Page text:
Harding in Morris County, New Jersey — The American Northeast (Mid-Atlantic)
The Pennsylvania Line
At Monmouth, which began as an American calamity and ended no worse than a draw, Pennsylvanians held the American positions during the initial retreat until Washington put things to rights.
Anthony Wayne, who commanded the Second Brigade, wrote of his men:
I would risk my soul that they would sell their lives or liberties at too dear a rate for Britons to make any purchase.
Erected by Morristown National Historical Park.
Location. 40° 46.466′ N, 74° 32.225′ W. Marker is in Harding, New Jersey, in Morris County. Marker is on Grand Parade Road, on the left when traveling east. Touch for map. Marker is in Morristown National Historical Park, along the tour road. Marker is in this post office area: Morristown NJ 07960, United States of America.
Other nearby markers. At least 8 other markers are within walking distance of this marker. Settling in (here, next to this marker); A Revolutionary Winter (here, next to this marker); Sons of Saint Patrick Soldier’s Hut [Replica] (about 400 feet away, measured in a direct line); Continental Army Encampment at Morristown (about 400 feet away); Officer’s Hut [Replica] (about 400 feet away); A heritage of hearths (about 700 feet away); Inspections (approx. 0.2 miles away). Touch for a list and map of all markers in Harding.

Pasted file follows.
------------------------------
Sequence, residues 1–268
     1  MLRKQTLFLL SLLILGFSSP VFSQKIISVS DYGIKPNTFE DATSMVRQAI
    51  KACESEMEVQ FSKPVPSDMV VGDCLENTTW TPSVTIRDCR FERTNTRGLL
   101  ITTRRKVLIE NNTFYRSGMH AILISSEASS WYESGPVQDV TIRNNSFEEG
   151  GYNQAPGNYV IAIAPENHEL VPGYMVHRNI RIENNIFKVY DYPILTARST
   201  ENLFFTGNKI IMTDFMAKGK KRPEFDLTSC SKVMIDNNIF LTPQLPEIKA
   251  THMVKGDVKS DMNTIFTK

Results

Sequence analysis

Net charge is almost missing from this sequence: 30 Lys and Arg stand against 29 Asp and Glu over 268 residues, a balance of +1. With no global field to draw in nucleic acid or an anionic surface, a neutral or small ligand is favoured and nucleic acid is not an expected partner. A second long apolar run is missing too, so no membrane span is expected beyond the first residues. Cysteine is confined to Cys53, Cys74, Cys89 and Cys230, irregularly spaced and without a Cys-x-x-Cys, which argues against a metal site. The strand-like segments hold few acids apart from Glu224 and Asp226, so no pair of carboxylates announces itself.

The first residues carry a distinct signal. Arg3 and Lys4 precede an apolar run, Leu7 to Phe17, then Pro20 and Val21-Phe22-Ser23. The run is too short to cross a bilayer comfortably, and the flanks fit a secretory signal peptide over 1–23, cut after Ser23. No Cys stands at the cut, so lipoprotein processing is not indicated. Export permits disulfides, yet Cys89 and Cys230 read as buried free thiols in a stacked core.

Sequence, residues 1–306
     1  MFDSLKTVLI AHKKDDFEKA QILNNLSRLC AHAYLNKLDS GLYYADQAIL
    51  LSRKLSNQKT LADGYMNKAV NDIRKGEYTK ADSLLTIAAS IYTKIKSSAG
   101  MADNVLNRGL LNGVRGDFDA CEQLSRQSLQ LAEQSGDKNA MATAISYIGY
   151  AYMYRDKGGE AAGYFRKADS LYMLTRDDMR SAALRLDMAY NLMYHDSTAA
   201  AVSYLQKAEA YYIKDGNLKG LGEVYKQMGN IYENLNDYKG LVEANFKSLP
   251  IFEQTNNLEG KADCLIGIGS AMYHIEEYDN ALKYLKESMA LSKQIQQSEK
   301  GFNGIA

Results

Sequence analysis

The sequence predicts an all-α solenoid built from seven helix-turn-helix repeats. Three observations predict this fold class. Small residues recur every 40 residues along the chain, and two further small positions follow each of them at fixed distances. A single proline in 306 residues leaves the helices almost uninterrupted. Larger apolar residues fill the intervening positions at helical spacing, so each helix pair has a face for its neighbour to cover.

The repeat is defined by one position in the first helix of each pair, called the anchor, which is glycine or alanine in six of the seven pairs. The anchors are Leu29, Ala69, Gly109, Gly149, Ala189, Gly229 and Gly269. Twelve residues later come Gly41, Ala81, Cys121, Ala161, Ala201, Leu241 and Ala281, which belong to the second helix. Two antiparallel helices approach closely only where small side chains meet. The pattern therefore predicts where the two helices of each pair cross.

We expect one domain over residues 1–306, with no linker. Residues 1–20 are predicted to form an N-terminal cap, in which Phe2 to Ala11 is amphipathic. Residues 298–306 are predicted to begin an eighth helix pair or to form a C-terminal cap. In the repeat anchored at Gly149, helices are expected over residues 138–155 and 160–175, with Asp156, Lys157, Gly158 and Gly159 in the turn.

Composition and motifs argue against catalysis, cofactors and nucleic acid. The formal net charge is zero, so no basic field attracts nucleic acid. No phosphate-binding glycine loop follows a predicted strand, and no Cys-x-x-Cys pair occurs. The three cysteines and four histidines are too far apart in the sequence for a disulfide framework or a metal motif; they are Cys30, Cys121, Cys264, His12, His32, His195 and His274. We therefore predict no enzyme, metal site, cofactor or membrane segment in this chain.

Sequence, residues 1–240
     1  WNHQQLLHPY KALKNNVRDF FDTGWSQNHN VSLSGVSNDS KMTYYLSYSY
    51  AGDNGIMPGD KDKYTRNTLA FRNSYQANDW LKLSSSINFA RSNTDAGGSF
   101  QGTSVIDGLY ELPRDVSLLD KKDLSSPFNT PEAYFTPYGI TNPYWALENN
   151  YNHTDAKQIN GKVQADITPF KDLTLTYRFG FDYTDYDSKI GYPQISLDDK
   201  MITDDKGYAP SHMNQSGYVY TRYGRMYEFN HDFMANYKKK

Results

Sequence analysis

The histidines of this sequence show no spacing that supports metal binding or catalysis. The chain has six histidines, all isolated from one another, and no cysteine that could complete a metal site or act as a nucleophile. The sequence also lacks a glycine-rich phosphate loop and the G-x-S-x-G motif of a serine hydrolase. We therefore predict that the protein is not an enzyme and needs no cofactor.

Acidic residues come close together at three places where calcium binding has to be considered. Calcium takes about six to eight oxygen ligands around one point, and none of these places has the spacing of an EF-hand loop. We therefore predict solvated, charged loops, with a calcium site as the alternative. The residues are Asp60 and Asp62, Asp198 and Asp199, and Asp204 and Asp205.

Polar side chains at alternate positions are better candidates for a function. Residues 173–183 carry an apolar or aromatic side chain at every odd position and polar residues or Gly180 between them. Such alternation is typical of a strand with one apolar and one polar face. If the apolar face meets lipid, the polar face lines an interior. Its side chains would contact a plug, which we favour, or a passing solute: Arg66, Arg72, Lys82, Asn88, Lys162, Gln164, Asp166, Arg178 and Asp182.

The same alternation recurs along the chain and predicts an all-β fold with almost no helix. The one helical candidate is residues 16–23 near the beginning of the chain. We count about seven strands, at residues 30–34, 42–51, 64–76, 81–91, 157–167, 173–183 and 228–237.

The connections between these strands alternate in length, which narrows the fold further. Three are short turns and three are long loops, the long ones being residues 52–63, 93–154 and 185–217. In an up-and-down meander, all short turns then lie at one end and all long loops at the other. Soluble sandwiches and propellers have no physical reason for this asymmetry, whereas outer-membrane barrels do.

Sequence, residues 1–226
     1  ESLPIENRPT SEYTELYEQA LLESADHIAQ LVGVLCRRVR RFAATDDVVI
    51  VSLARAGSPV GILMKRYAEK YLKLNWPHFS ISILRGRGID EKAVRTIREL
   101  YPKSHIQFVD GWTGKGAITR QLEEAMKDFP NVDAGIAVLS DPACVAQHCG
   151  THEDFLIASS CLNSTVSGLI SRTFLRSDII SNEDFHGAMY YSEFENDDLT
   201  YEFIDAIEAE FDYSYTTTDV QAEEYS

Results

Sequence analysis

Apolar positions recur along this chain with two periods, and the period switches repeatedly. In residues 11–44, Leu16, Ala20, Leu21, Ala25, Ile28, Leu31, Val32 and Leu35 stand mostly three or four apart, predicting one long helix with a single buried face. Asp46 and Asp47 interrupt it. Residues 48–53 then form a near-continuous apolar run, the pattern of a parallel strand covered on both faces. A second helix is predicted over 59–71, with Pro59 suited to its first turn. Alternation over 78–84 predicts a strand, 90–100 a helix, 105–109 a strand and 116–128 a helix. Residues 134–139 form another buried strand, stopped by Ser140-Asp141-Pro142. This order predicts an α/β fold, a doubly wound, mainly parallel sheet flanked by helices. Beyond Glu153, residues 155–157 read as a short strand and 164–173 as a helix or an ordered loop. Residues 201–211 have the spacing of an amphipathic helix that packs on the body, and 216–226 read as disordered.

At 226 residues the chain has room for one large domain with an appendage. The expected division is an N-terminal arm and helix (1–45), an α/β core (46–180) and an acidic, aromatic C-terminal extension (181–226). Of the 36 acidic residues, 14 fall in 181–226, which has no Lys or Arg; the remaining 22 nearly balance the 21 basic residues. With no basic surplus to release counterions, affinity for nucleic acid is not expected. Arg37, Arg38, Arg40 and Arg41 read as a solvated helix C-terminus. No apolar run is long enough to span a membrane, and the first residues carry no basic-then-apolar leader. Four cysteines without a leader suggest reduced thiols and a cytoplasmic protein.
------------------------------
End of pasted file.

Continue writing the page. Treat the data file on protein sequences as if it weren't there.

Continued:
Also see . . .
1. Morristown National Historical Park. National Park Service. (Submitted on June 27, 2008, by Bill Coughlin of North Arlington, New Jersey.)
2. The Mutiny of the Pennsylvania and Jersey Line. Story of the January, 1781 mutiny of the Pennsylvanians at Jockey Hollow. (Submitted on June 27, 2008, by Bill Coughlin of North Arlington, New Jersey.)
Categories. • Military • Notable Places • War, US Revolutionary •
Credits. This page was last revised on June 16, 2016. This page originally submitted on June 27, 2008, by Bill Coughlin of North Arlington, New Jersey. This page has been viewed 1,093 times since then. Photos: 1, 2, 3, 4, 5. submitted on June 27, 2008, by Bill Coughlin of North Arlington, New Jersey.